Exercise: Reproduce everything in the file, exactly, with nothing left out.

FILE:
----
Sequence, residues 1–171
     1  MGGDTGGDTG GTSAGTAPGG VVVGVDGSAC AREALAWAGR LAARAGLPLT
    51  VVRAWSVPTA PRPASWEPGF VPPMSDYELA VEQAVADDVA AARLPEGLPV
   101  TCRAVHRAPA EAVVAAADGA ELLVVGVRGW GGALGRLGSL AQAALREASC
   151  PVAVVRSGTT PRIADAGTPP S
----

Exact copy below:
Sequence, residues 1–171
     1  MGGDTGGDTG GTSAGTAPGG VVVGVDGSAC AREALAWAGR LAARAGLPLT
    51  VVRAWSVPTA PRPASWEPGF VPPMSDYELA VEQAVADDVA AARLPEGLPV
   101  TCRAVHRAPA EAVVAAADGA ELLVVGVRGW GGALGRLGSL AQAALREASC
   151  PVAVVRSGTT PRIADAGTPP S